Council calls for rejection of Karratha FIFO camp plan
City of Karratha councillors have urged the State Government to reject plans for a 700-bed FIFO workers’ camp in town, describing it as “anti-local”.
There was a clear sense of frustration among councillors as they considered their official position on Woodside’s planned Bay Village facility at a meeting last night, in response to a State government request, and unanimously voted in favour of an a strongly worded alternative motion.
The motion states the City will advise Ministers it objects to the facility, write to Woodside’s board asking for the lease to be reconsidered and request the Department of Planning, Lands and Heritage denies the application.
“The proposal is anti-local jobs, anti-local business and does not demonstrate a commitment to best practice by Woodside,” it read.
In proposing the new motion, councillor Daniel Scott provided a list of serious concerns with the facility and said Woodside had not demonstrated why they needed FIFO accommodation on such a large scale.
“The community is saying no, so Woodside needs to come back to the table, and we will be happy to bring them back in here to discuss a better way of how we can get a longer-term view of their accommodation through town,” he said.
“They should be working with us to have a long-term strategy on how we get a larger residential workforce in our city.”
Woodside is planning to build the new $400 million FIFO workers’ camp on Balmoral Road in Nickol.
The camp will house workers for new company projects including a life extension of the North West Shelf Project, processing natural gas from the Browse Basin and expanding the Pluto LNG plant, and is an alternative to the company’s previously planned Gap Ridge Village facility.
It reinforces an us-and-them
A common theme of council discussion yesterday was that Woodside was not paying attention to negative community sentiment for the facility, which in the changed Karratha landscape was “old-fashioned” and “short-sighted”, and needed to hear a “strong message”.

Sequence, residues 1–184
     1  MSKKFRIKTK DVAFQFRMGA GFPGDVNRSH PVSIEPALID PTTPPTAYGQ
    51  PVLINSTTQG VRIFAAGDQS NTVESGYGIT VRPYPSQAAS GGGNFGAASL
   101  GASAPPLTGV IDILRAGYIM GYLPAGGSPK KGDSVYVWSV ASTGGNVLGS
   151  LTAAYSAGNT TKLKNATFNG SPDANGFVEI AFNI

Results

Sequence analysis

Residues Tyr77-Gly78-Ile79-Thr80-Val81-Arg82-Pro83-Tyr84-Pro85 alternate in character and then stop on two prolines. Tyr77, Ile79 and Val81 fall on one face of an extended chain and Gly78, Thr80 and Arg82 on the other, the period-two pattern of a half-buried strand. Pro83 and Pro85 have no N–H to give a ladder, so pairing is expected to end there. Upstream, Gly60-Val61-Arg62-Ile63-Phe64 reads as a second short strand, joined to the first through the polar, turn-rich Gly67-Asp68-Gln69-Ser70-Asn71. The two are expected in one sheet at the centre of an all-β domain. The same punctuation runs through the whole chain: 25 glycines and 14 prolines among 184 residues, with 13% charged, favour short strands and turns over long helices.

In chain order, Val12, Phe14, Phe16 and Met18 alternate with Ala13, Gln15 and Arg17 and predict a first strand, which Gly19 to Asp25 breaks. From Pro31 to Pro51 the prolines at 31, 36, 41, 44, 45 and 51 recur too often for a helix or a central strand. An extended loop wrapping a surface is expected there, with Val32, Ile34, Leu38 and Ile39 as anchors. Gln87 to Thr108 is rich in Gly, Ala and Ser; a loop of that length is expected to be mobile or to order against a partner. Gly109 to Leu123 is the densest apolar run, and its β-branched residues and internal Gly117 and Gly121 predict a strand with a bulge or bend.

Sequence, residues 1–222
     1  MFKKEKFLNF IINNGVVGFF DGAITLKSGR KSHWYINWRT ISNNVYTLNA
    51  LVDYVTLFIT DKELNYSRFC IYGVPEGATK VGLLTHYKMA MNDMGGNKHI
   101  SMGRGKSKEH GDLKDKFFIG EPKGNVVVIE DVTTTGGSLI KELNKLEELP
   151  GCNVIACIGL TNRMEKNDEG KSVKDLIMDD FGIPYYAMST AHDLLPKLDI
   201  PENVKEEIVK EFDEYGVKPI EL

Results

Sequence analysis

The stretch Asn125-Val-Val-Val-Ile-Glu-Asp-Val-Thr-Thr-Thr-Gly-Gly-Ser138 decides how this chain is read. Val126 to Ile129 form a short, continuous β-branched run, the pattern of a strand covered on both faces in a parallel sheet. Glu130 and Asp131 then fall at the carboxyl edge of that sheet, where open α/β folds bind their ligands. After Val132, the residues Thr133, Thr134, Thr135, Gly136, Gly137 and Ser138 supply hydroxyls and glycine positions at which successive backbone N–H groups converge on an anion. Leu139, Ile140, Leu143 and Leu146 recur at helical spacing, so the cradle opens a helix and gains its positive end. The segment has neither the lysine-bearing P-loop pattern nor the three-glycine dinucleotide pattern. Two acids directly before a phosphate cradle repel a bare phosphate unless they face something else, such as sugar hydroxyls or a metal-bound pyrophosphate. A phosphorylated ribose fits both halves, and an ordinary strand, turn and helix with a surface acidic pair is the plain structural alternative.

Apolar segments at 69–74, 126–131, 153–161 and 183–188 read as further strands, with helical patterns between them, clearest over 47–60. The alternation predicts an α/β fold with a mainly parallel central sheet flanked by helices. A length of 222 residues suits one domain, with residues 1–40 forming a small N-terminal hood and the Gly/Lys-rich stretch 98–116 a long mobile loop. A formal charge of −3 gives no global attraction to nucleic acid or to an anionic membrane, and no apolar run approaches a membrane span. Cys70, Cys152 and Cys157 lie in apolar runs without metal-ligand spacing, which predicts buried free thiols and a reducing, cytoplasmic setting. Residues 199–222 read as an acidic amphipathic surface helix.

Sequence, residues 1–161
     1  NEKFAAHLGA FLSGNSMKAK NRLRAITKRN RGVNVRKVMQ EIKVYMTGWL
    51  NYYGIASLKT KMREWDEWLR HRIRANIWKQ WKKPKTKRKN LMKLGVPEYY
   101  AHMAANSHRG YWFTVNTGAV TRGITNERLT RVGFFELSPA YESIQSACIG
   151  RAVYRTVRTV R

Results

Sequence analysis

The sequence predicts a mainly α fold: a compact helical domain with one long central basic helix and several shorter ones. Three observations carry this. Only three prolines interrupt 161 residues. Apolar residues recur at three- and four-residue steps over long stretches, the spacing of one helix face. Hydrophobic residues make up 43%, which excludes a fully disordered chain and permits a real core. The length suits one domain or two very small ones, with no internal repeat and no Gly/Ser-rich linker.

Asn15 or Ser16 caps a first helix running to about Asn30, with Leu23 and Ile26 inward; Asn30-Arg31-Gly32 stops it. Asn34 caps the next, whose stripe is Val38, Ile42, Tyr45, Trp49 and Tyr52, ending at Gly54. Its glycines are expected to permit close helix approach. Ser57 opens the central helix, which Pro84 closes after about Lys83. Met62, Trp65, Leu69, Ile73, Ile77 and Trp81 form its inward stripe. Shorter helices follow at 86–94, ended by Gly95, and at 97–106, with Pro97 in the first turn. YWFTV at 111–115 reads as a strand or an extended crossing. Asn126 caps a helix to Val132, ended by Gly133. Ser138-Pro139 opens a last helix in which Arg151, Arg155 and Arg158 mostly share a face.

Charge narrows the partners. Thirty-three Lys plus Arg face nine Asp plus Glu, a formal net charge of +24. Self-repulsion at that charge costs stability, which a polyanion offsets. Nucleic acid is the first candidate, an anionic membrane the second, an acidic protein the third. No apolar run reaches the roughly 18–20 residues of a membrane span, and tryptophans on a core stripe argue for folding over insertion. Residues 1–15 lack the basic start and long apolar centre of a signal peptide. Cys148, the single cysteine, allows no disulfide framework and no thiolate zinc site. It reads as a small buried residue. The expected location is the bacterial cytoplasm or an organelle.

Councillors Margaret Bertling and John Lally also said they were concerned local businesses able to service other possible types of worker accommodation would be overlooked under the camp workforce model.
“I think the community expects us to object to this,” Cr Lally said.
Starting talks with the Department of Planning, Lands and Heritage director-general about the City potentially leasing land flagged for the camp, rather than Woodside proponent DIF, was also part of the final motion.
City of Karratha Mayor Peter Long said while the council recognised some short-term work may be needed for Woodside’s projects, they were particularly against plans to house 250 operational employees in the FIFO camp or for the facility to be located in suburban Karratha.
“The council is not convinced that there is a need for a new FIFO camp, in particular one of that size, and does not support the notion that FIFO camps are part of our future for the next 30 years”, he said.
“Building a camp on the outskirts of town for long-term operational workers is old school thinking as it reinforces an “us-and-them” mentality and we consider this is not in the best interests of the community.”
In August, Woodside Australian business vice-president Brad Russell-Lane said the Bay Village camp is needed to help the company pursue a “pipeline” of development opportunities aimed at keeping them invested in the Pilbara long term.
He said Woodside was committed to maintaining a strong residential Karratha workforce and its accommodation projects would have a focus on local employment and procurement.
The State government is yet to approve a lease application by DIF Management on behalf of Woodside but are canvassing local opinion from a range of groups to inform their decision.
Pilbara MLA Kevin Michel said he was committed to the government’s local jobs election focus and admitted he had some concerns there was little residential work involved in the camp’s construction and maintenance.
“I would honestly say no, it hasn’t struck the (right) balance,” he said.
However, he said he would be speaking to Woodside and several government Ministers and lobbying to increase the number of local jobs available.
“At the end of the day, we’ve got to support everyone, and we’ve got to find a fine balance with everyone to make sure that these people who have also privately invested in our region are also looked after,” he said.
“They’re doing this, so we need to find a fine balance, and the only way to do that is to make sure that we make Woodside understand where we’re coming from.”
Woodside has been contacted for comment.
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